Melting snow from last week's winter storm caused water systems in the Capital District, the area around the city of Albany, to overflow, leading to a stream of untreated wastewater gushing into the Hudson River for more than an hour.
The spill came from the "Big C" pipe, which is owned and operated by the city of Albany. The Environmental Protection Agency has criticized the city for the pipe, which overflows after heavy rainfall and snowfall.
Overflows from the pipe cause an estimated 547 million gallons of sewage and rainwater to flow into the Hudson every year. This, along with an additional 653 million gallons from the other pipelines, makes the section of the Hudson around Albany the most sewage-tainted part of the 315-mile river.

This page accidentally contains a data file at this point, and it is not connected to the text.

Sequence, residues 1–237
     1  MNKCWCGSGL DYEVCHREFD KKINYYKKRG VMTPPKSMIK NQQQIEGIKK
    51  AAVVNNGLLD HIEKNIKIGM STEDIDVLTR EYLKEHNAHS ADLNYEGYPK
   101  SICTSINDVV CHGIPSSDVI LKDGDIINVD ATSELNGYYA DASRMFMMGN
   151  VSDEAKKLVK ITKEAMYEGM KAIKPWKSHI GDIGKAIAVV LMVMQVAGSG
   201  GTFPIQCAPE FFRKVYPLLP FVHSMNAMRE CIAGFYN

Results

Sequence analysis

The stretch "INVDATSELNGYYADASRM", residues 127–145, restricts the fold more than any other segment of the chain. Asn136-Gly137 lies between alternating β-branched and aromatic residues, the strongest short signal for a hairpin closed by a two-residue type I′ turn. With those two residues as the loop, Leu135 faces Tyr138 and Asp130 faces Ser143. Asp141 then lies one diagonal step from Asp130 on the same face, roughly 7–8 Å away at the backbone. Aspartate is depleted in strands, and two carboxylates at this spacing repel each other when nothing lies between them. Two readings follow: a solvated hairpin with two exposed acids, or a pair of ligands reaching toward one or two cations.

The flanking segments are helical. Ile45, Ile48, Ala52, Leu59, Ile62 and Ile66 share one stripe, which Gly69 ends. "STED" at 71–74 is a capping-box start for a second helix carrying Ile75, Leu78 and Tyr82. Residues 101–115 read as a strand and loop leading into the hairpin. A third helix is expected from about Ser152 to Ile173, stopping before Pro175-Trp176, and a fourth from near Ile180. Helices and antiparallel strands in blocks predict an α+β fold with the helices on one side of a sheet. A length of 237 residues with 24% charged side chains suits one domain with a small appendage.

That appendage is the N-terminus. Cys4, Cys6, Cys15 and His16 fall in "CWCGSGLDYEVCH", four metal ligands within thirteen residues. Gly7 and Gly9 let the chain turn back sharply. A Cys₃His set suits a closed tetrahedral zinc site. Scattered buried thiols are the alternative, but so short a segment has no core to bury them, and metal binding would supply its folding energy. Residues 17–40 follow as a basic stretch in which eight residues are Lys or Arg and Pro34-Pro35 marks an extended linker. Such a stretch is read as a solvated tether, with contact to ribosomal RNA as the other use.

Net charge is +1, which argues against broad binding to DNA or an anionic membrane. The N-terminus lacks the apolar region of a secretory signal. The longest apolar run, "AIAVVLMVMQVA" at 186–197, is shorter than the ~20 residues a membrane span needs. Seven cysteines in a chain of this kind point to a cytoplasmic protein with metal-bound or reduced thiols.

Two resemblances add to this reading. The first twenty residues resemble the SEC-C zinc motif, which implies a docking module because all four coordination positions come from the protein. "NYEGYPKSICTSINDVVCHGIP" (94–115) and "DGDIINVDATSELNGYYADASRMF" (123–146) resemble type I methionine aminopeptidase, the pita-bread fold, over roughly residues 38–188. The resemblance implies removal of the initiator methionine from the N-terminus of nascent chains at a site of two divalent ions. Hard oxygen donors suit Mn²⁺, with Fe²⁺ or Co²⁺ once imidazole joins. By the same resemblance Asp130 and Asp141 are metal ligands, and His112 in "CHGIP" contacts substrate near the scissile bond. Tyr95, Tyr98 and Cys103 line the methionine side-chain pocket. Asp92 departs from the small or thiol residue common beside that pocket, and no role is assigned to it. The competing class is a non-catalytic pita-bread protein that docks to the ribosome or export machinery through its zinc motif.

Heavy rains sent 400,000 gallons of sewage into the Hudson in November 2016, following a spill to the tune of 900,000 gallons in June. A broken pipe sent an additional 500,000 gallons into the river in July.
"Floatable" debris such as baby wipes have been spotted on the surface of the water.